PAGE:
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SUBTECH ’91

Back to the Future

  • Authors
  • Society for Underwater Technology

Table of contents

  1. Front Matter
    Pages i-x
  2. Back to the Future

  3. Subsea Field Developments

    1. Front Matter
      Pages 121-121
    2. C. A. Jenman, P. J. Napier
      Pages 133-151
    3. Jens Chr. Lindaas, Kjartan Vartdal, Arnfinn Vika
      Pages 153-168
    4. George S. Robertson
      Pages 197-204
  4. Equipment Development

    1. Front Matter
      Pages 217-217
    2. J. F. Dos Santos, P. Szelagowski, H. Manzenrieder, H.-G. Schafstall
      Pages 223-239
    3. D. B. Pye
      Pages 241-247
  5. Safety

    1. Front Matter
      Pages 249-249
    2. V. J. Humphrey
      Pages 251-254
    3. D. J. Burns, D. M. Deaves
      Pages 255-268
    4. T. J. R. Francis, D. J. Smith, J. J. W. Sykes
      Pages 275-282
    5. P. B. James, C. F. Lafferty, A. O. Brubakk
      Pages 283-287
    6. A. O. Brubakk, J. E. Jacobsen
      Pages 289-302
  6. Tomorrow’s World

    1. Front Matter
      Pages 311-311
    2. John Turner, David J. Yule, Joe Zanre
      Pages 319-331
    3. B. G. Murray
      Pages 347-354

About this book

Introduction

The concept of using flexible, reelable pipe to transport liquids, gases, and vapours is not a new one. As early as the 1940s a steel braided elastomeric pipeline was developed for the Allied Forces in order to transport fuels to support the Normandy Beacheads. In fact, the longest flexible pipeline ever constructed is likely to be that laid across the English Channel as part of 'Operation Pluto'. The methodology used to handle and instal such pipe is also not new. Ellis (1943, London) in an early patent specification identifies three basic objectives for a flexible pipelining method. These are: prefabrication of the pipe onshore; coiling of the pipe on suitable drums or reels; and using such reels to lay pipe from anchored or motorised barges. The design concept for flexible pipe is also not a new invention given that flexible hoses and umbilicals have been in service for more than sixty years. A break-through was however achieved by the French Institute of Petroleum in the early 1970s when they developed an improved steel reinforced pipe structure having a high axial loading capaci ty which utilised corrosion and hydrocarbon resistant polymers to extend pipe service lifetime. This early pipe design utilised established cable making techniques to apply steel armour and axially and radially reinforce alternating layers of polymer sheaths. The pipe was primarily developed as a flowline for use in static seabed applications.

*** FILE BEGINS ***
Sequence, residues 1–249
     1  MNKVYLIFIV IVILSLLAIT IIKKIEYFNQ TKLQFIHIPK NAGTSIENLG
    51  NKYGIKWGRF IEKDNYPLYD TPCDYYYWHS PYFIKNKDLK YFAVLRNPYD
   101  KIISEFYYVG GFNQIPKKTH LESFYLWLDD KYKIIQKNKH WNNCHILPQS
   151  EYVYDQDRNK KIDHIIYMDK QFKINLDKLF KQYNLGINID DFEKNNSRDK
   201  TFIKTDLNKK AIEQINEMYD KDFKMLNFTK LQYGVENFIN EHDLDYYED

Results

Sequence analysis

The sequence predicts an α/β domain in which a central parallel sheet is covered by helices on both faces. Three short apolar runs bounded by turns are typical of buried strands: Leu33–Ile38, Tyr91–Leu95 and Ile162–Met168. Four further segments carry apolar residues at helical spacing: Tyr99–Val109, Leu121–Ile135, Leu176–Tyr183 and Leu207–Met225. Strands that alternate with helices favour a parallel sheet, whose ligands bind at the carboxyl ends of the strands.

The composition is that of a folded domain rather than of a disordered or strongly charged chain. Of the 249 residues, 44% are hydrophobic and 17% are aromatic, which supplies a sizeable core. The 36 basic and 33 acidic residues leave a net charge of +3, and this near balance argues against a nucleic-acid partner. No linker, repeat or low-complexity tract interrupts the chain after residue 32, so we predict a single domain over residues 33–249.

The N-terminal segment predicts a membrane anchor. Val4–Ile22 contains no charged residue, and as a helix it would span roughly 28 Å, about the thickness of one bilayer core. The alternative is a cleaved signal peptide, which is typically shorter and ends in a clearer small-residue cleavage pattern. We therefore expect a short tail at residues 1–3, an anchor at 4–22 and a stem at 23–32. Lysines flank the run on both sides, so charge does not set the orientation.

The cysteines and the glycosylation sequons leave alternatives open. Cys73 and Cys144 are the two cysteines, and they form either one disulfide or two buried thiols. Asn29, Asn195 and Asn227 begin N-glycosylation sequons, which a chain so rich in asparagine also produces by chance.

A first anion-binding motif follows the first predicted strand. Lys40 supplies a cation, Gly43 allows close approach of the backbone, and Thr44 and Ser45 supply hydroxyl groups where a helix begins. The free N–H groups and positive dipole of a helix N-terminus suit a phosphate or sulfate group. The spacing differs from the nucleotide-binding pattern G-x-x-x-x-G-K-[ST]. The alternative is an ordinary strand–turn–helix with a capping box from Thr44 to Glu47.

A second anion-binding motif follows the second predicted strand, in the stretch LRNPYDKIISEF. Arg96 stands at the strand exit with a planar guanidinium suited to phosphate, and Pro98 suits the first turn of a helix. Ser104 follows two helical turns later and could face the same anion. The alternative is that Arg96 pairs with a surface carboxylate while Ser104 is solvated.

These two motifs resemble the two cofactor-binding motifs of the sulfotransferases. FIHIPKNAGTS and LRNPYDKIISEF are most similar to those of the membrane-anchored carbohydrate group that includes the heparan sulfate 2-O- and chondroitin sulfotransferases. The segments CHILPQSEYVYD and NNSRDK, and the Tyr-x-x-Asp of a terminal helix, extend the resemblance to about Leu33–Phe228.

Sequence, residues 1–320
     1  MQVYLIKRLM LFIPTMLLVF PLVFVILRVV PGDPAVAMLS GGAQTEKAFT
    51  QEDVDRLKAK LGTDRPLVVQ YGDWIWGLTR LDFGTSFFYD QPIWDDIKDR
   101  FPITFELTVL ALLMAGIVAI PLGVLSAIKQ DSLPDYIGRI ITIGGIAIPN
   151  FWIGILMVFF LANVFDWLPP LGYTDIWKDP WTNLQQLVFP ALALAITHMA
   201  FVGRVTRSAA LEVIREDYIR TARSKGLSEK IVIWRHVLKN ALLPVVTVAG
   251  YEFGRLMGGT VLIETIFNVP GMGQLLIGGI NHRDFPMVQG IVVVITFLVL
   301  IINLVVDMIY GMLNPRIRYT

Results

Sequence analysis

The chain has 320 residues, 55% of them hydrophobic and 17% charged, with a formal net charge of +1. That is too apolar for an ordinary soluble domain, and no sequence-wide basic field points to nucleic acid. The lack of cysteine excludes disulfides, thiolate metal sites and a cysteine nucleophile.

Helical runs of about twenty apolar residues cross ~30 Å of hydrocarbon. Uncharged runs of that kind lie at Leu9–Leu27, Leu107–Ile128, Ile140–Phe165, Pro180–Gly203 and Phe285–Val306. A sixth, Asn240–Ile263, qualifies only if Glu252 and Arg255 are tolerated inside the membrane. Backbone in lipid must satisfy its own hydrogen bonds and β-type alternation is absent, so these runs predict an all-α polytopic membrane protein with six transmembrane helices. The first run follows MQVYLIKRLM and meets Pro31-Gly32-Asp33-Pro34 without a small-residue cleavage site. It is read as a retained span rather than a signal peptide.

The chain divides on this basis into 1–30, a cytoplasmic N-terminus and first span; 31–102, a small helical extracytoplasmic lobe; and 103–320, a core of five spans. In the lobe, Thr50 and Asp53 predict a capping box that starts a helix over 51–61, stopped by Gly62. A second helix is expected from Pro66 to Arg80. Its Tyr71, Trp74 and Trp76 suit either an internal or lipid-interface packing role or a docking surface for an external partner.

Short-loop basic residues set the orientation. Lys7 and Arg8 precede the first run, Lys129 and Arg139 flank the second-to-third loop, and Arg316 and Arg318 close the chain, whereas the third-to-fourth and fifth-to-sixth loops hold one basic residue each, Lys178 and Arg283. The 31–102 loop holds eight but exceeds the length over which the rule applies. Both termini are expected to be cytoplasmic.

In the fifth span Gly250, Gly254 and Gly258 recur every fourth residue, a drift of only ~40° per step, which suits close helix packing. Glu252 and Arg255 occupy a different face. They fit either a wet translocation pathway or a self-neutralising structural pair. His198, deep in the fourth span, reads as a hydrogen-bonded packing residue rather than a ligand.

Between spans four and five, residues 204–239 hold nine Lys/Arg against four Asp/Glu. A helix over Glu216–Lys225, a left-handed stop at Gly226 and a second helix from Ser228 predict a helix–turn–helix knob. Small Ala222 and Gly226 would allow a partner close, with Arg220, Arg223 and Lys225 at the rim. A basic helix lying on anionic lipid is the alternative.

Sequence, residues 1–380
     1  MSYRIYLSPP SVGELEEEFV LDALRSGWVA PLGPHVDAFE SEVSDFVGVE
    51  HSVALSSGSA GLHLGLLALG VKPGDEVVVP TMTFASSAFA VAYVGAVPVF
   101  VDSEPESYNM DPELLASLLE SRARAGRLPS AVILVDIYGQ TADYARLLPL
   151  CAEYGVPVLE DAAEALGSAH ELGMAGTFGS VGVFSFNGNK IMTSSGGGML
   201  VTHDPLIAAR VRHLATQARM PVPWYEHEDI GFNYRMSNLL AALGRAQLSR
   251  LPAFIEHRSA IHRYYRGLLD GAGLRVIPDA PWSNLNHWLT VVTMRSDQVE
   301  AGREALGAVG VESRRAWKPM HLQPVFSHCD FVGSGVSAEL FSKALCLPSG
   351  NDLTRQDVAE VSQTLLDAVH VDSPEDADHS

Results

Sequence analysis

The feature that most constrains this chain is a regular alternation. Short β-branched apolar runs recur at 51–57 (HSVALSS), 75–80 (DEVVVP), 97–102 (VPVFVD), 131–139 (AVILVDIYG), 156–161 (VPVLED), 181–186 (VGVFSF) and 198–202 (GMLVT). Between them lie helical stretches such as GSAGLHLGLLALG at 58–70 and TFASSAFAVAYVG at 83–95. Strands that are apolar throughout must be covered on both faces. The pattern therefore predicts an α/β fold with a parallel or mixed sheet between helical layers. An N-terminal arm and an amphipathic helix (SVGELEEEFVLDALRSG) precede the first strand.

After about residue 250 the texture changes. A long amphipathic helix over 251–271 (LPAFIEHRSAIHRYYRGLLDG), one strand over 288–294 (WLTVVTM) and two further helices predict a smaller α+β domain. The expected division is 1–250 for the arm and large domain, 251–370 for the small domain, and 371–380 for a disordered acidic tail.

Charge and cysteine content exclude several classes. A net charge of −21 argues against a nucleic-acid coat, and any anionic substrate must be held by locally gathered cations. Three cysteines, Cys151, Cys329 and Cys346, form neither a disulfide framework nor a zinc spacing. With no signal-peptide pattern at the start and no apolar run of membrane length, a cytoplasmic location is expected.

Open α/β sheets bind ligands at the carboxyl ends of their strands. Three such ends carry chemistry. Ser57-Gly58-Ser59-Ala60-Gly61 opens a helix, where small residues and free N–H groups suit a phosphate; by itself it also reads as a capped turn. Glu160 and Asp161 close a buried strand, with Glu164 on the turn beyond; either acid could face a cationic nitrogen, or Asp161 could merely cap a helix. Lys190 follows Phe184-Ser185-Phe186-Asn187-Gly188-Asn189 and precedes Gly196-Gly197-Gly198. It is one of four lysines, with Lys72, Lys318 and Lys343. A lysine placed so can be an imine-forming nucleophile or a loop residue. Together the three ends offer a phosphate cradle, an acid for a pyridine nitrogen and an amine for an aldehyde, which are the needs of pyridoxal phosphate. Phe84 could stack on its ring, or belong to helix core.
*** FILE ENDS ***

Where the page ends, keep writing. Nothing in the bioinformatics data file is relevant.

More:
Keywords

Monitoring coating concrete corrosion design flow fuel isolation photogrammetry pipeline polymers production technology risk steel structure

Bibliographic information

  • DOI https://doi.org/10.1007/978-94-011-3544-3
  • Copyright Information Springer Science+Business Media B.V. 1991
  • Publisher Name Springer, Dordrecht
  • eBook Packages Springer Book Archive
  • Print ISBN 978-94-010-5569-7
  • Online ISBN 978-94-011-3544-3
  • Series Print ISSN 0952-1798
  • Buy this book on publisher's site
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